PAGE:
Across the United States, the electric power sector is placing new bets on an old technology—coal-fired power plants. Utilities and other electricity producers are poised to invest heavily in retrofitting their old plants or in building new ones.
Each major retrofit or new plant represents an enormous long-term financial commitment to coal power. But as discussed in this report, current economic, technological, and policy trends make such commitments exceedingly risky:
- Demand for coal power is being steadily eroded by competition from energy efficiency and renewable energy, which are benefiting from rising policy support, growing public investment, advancing technologies, and often-falling prices.
- Coal power faces much stronger competition both from new and existing (though underutilized) natural gas plants.
- United States coal prices are rising and could be driven much higher by soaring global demand and shrinking reserves.
- Construction costs for coal plants remain high, and all these risks make the financing of long-term coal investments both harder and costlier.
- Coal plants, new and old, are losing the cost advantages they once had, and lack the operational flexibility that will be increasingly valuable as the power grid evolves to integrate more sources of clean but variable renewable power.
- Coal power faces the financial risks posed by its many environmental impacts. The continuing damages that coal power poses to our air, land, and water—and our health—are a major financial liability that remains unresolved.
- Coal plants emit air pollutants that still kill thousands of people yearly, costing society over $100 billion per year, by one estimate (CATF 2010).
- These plants are also a leading source of mercury, which threatens children’s brain development;
- Coal plants create vast quantities of toxic ash, which require careful handling in order to prevent leakage;
- Huge cooling-water withdrawals by coal plants strain our increasingly vulnerable water bodies.
- Expected regulations would reduce many of these costly harms, but as several recent financial analyses point out, much of the nation’s coal fleet is already old, inefficient, and ripe for retirement. Rather than retrofit them, it makes greater economic sense to close them.
- Finally, there is the unavoidable financial risk associated with coal’s critical role in destabilizing the global climate. Given the increasingly dire nature of global warming, climate legislation is still widely expected in the years ahead, with inevitable cost implications for coal plants.
We can dramatically reduce our dependence on coal power.
Long-term investments in coal would be less risky if the nation had no choice but to continue with its current level of coal use, no matter how high the costs. But that is not the case.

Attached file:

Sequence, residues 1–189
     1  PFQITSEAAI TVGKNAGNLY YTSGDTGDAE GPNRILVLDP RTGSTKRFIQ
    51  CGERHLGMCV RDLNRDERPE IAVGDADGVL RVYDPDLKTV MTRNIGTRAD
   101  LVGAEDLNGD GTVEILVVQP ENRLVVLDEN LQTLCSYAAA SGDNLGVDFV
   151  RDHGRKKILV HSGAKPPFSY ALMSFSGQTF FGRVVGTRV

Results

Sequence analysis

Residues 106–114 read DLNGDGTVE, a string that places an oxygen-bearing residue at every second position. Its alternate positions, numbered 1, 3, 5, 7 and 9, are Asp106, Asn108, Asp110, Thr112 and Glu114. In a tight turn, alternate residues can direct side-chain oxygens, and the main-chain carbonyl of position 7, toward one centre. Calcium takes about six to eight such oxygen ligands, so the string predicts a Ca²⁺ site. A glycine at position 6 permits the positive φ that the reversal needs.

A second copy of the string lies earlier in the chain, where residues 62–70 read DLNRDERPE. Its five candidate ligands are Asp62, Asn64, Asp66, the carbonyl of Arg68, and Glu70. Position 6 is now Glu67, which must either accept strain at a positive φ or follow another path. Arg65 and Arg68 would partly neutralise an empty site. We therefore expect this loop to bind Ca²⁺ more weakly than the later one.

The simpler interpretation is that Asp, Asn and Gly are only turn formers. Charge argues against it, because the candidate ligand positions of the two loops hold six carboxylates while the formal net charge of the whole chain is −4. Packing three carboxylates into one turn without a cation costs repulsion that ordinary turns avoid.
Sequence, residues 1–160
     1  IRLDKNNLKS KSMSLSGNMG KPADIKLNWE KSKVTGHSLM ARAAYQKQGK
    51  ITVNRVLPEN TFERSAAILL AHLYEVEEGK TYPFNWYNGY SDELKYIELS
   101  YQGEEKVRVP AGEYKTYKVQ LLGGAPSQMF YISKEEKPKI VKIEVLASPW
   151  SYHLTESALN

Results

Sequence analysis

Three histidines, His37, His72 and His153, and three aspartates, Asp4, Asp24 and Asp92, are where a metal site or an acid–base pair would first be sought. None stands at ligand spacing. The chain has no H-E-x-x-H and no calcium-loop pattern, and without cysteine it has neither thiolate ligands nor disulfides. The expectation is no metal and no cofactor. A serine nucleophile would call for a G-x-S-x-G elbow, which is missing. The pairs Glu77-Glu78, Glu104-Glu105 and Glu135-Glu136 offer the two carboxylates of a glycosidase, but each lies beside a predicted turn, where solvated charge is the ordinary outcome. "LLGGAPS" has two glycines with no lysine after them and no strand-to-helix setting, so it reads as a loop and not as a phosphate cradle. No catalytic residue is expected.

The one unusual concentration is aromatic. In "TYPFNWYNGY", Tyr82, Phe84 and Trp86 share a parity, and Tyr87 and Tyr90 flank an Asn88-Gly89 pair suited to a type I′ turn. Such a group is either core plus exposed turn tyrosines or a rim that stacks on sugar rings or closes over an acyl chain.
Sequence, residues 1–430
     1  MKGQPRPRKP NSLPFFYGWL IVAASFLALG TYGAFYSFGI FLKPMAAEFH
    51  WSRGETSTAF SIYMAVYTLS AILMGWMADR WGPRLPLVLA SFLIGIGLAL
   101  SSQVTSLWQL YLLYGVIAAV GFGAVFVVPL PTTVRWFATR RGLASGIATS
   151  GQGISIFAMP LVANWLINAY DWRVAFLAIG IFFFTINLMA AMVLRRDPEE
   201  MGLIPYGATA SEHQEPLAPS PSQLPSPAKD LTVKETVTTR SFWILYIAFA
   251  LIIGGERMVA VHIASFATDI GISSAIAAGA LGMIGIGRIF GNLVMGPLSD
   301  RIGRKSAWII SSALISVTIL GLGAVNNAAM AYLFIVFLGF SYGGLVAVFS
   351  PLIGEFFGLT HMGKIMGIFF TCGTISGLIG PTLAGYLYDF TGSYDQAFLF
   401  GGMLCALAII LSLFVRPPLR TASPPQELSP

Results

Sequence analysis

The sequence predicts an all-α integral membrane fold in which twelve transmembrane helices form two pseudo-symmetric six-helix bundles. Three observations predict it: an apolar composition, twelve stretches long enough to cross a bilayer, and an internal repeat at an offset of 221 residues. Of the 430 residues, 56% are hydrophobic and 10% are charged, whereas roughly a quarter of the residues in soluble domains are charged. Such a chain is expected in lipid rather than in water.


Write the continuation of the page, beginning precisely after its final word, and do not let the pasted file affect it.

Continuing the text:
Studies by the Union of Concerned Scientists and others show that we could in fact replace most of our coal power using renewable energy, demand reduction, and natural gas within the next 15 to 20 years, with additional reductions in coal power afterward (Keith et al. 2010; Specker 2010; Cleetus, Clemmer, and Friedman 2009).
Long-term investment in coal is a risky proposition.
When considering long-term investments in coal today, it is helpful to remember an earlier era of power-sector investments that did not end well.
In the 1970s, utilities invested massively in both coal and nuclear plants while ignoring the sweeping changes that were increasing the costs of, and decreasing the demand for, such plants. The result was staggering financial losses around the country as scores of plants were cancelled after years of spending.
We can avoid repeating that costly history by recognizing that changes under way today are making long-term investments in coal power an unacceptably risky proposition.
A large chunk of the U.S. coal fleet is vulnerable to closure simply due to crummy economics. —Credit Suisse
Unique opportunities for investment in cleaner technologies.
Combined, these trends and developments create risks that no one considering a long-term investment in new or existing coal plants can afford to ignore.
They also create unique opportunities to invest instead in the cleaner technologies that will be in growing demand as we transition toward a more modern, flexible, diversified, and sustainable energy system.
And the overall benefits of transitioning to a cleaner energy system—saving lives, protecting air and water, and helping us avoid severe climate changes while stimulating technological innovation and building new clean-energy industries—would be tremendous.